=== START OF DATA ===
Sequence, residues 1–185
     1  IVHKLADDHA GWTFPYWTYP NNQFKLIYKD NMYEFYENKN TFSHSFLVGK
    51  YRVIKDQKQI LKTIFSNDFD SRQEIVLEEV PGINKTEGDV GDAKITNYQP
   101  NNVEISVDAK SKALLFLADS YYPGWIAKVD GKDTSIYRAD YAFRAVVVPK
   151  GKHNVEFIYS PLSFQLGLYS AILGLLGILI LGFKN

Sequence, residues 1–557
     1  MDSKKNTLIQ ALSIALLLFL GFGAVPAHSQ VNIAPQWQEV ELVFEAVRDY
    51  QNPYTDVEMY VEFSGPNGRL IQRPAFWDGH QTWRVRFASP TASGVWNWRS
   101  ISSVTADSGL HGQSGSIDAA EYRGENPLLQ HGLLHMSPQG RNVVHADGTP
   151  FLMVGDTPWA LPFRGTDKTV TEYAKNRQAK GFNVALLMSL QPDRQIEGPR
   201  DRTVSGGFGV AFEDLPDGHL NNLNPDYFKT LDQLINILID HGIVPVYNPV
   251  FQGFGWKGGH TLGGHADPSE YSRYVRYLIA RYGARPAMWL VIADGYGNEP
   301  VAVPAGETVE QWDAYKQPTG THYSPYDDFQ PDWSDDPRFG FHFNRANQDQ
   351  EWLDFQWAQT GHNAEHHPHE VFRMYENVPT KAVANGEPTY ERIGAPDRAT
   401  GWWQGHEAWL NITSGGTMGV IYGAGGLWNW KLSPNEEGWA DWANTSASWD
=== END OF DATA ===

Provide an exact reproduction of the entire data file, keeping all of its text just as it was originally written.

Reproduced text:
Sequence, residues 1–185
     1  IVHKLADDHA GWTFPYWTYP NNQFKLIYKD NMYEFYENKN TFSHSFLVGK
    51  YRVIKDQKQI LKTIFSNDFD SRQEIVLEEV PGINKTEGDV GDAKITNYQP
   101  NNVEISVDAK SKALLFLADS YYPGWIAKVD GKDTSIYRAD YAFRAVVVPK
   151  GKHNVEFIYS PLSFQLGLYS AILGLLGILI LGFKN

Sequence, residues 1–557
     1  MDSKKNTLIQ ALSIALLLFL GFGAVPAHSQ VNIAPQWQEV ELVFEAVRDY
    51  QNPYTDVEMY VEFSGPNGRL IQRPAFWDGH QTWRVRFASP TASGVWNWRS
   101  ISSVTADSGL HGQSGSIDAA EYRGENPLLQ HGLLHMSPQG RNVVHADGTP
   151  FLMVGDTPWA LPFRGTDKTV TEYAKNRQAK GFNVALLMSL QPDRQIEGPR
   201  DRTVSGGFGV AFEDLPDGHL NNLNPDYFKT LDQLINILID HGIVPVYNPV
   251  FQGFGWKGGH TLGGHADPSE YSRYVRYLIA RYGARPAMWL VIADGYGNEP
   301  VAVPAGETVE QWDAYKQPTG THYSPYDDFQ PDWSDDPRFG FHFNRANQDQ
   351  EWLDFQWAQT GHNAEHHPHE VFRMYENVPT KAVANGEPTY ERIGAPDRAT
   401  GWWQGHEAWL NITSGGTMGV IYGAGGLWNW KLSPNEEGWA DWANTSASWD